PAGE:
Lusciously clad in rich green compound leaves, red elderberry forms fluffy ivory flower spikes in spring followed by bright red berries in summertime. A deciduous small tree native across much of the northern half of North America, it suckers from its roots to form a thicket, and is dispersed by birds that eat the berries and spread the seed. When it comes to human consumption, the fruits are not as palatable as other elderberries and even contain small amounts of compounds that cause gastrointestinal pain, though there are reports of the red elderberries being used in wine making and cooked jam.
Like most Sambucus, this is a deciduous species. Its lustrous green leaves are compound and comprised of five to seven oval leafets with tapered tips. In mid-spring the branch tips bear fluffy, fragrant clusters of tiny ivory flowers that attract bees and butterflies. Attractive clusters of small red berries are produced by midsummer. These are highly attractive to a whole host of wild birds. The dormant leaf buds are purplish and contrast the ghostly sandy brown branches in winter.
Grow red elderberry in full sun to partial shade in any soil that is fertile but well-drained. Avoid soils that flood or have standing water and be aware this tree will sprout up in many areas of a landscape. It is often seen in mixed woodlands,abandoned lots or along fencelines. Interested gardeners may choose to plant it in informal, naturalistic landscapes designed to appeal to wildlife. (infor source: Learn2Grow.com)
Genus - Sambucus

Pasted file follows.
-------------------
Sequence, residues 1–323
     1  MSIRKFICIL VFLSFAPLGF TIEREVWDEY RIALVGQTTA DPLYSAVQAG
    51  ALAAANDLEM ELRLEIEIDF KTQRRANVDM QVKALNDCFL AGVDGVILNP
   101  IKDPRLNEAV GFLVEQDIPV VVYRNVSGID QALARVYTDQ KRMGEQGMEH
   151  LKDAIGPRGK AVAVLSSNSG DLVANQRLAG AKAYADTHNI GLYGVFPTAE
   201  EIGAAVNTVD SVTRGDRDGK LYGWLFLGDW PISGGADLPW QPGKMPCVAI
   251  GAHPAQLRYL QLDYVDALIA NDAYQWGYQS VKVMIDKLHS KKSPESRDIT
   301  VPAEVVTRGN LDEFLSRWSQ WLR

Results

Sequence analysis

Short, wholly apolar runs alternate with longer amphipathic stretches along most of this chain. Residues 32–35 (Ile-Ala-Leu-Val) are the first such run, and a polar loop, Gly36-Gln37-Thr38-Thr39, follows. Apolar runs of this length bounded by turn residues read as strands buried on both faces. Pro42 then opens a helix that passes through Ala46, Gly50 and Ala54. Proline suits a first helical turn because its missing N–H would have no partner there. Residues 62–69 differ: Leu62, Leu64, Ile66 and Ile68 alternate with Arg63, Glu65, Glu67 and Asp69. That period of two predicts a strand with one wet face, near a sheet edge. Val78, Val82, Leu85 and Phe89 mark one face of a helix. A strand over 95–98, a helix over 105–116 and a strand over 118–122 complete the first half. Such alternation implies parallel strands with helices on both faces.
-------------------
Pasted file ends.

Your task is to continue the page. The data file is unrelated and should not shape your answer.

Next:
Species - Pubens
Common name - Red Elderberry
Pre-Treatment - Required
Plant type - Tree
Vegetation type - Deciduous
Hardiness zones - 4 - 7
Exposure - Full Sun, Partial Sun
Height - 12'-25' / 3.70 - 8 m
Spread - 12'-15' / 3.70 - 5 m
Growth rate - Fast
Bloom season - Late spring - summer
Leaf / Flower color - Green / White
Soil PH - Acidic, Neutral, Alkaline
Soil type - Light (sandy), medium (loamy), heavy (clay)
Water requirements - Average Water
Landscape uses - Screening / Wind Break
You can plant the seeds outdoors in the fall and let them naturally stratify during the winter and they will germinate in the spring.
But if you are going to sow it inside - cold stratification period is required.
1. Soak the seeds for 12 hours in warm water (~+30-+40C).
2. Mix the seeds with moist vermiculite or sterile sand, place in ziplock bag and keep inside in your fridge (+2-+4C) for 60 days.
3. After startification sow the seeds in pots on the surface of the moist soil. Cover lightly (1-2 mm) with vermiculite or soil.
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